Guest post by Azizonomics.
In today’s world, there are many who want government to regulate and control everything. The most bizarre instance, though — more bizarre even than banning the sale of large-sized sugary drinks — is surely central banking.
Why? Well, central banking was created to replace something that was already working well. Banking panics and bank runs happen, and they have always happened as long as there has been banking.
But the old system that the Fed displaced wasn’t really malfunctioning — unlike what the defenders of central banking today would have us believe. Following the Panic of 1907, a group of private bankers led by J.P. Morgan successfully bailed out the system by acting as lender of last resort. The amount of new liquidity disbursed into the system was set not by academics like Ben Bernanke, but by experienced market participants. And because the money was directed from private purses, rather than being created out of thin air, only assets and companies with value were bought up.
The rationale of the supporters of the Federal Reserve Act was that a central banking liquidity mechanism would act as a safeguard against such events, to act as a permanent lender-of-last-resort backed by government fiat. They wanted something bigger and better than a private response.
Yet the Banking Panic of 1907 — a comparable market drop to both 1929 or 2008 — didn’t result in a residual depression.
Bailing out Spain or not will be on investors lips later this year. Meanwhile, the huge economic problems of Spain are hitting the unemployed, especially the young population. The “lost” generation is about to lose all faith in the social system. Austerity is now a reality. From Bloomberg.
More than 4 million Spaniards are jobless in a double-diprecession that is hitting young people hardest. More than half of 15-to-24 year-olds are unemployed, and 37 percent of those 25 to 34 live with their parents. Rather than starting families and building careers, many young people spend their days playing video games and watching television. As their skills stagnate, they risk falling behind permanently, said Katherine Newman, a sociologist and dean at Johns Hopkins University in Baltimore.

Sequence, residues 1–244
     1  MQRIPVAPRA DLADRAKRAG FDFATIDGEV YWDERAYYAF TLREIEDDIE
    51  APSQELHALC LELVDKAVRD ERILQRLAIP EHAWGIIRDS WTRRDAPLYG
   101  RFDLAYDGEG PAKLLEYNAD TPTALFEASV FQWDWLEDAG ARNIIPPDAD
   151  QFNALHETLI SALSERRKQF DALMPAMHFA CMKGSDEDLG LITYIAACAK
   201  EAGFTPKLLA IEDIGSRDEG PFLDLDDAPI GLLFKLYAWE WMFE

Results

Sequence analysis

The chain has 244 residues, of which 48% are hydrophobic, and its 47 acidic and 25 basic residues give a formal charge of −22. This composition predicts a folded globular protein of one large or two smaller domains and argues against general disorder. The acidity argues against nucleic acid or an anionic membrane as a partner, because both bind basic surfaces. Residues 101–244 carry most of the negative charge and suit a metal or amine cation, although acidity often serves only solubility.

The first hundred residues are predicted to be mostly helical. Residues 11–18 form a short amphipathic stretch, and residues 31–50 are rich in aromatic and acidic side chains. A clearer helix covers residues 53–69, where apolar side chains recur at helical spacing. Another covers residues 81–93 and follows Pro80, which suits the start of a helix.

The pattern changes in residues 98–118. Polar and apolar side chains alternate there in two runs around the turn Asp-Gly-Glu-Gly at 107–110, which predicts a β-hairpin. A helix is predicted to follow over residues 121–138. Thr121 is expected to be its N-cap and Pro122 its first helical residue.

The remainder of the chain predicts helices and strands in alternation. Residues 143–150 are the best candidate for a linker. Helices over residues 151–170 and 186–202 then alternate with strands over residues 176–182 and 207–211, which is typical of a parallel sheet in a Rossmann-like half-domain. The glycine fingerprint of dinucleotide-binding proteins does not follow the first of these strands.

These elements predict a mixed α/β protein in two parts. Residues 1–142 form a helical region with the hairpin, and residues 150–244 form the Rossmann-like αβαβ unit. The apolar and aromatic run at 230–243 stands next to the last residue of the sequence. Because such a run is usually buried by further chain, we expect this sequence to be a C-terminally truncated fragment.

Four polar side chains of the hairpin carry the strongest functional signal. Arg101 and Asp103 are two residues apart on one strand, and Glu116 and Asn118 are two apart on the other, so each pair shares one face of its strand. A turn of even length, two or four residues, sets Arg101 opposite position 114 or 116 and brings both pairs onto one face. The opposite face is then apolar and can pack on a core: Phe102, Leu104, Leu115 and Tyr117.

“For the rest of their lives, they’re damaged,” said Newman, who has written about labor and families in Spain. “They don’t recover occupationally, their earnings are depressed for 20 years, they don’t marry at the same rate.”
All eyes are on Spain as the euro crisis seems to deepen by the day. The country’s banks are in dire need of capital, which Madrid is unable to easily provide. Yet the government continues to resist outside pressure to accept bailout money from their euro-zone partners. Instead, in an effort to avoid submitting to conditions that would be imposed in exchange for a bailout, Madrid has turned to the financial markets, an approach widely considered to be both unsustainable and a grave risk to the health of the euro zone.
Laden with bad loans left over from the collapse of the country’s real estate bubble in 2009, the country’s most troubled institution, Bankia S.A., reportedly needs €19 billion ($24 billion) in fresh capital. In total, the Spanish banking sector is thought to need between €75 billion and €100 billion worth of liquidity. Borrowing costs on 10-year bonds, meanwhile, have crept close to the dangerous 7 percent mark, widely considered to be unsustainable.
I have been braying on this video channel that the European banking problem is so big as to be unsolvable. On a May 29 video I quoted a Spanish financier as saying: The Spanish loan loss problem has not been quantified by anyone because there is huge pressure not to tell the truth. Spain has engaged in a policy of delay and pray.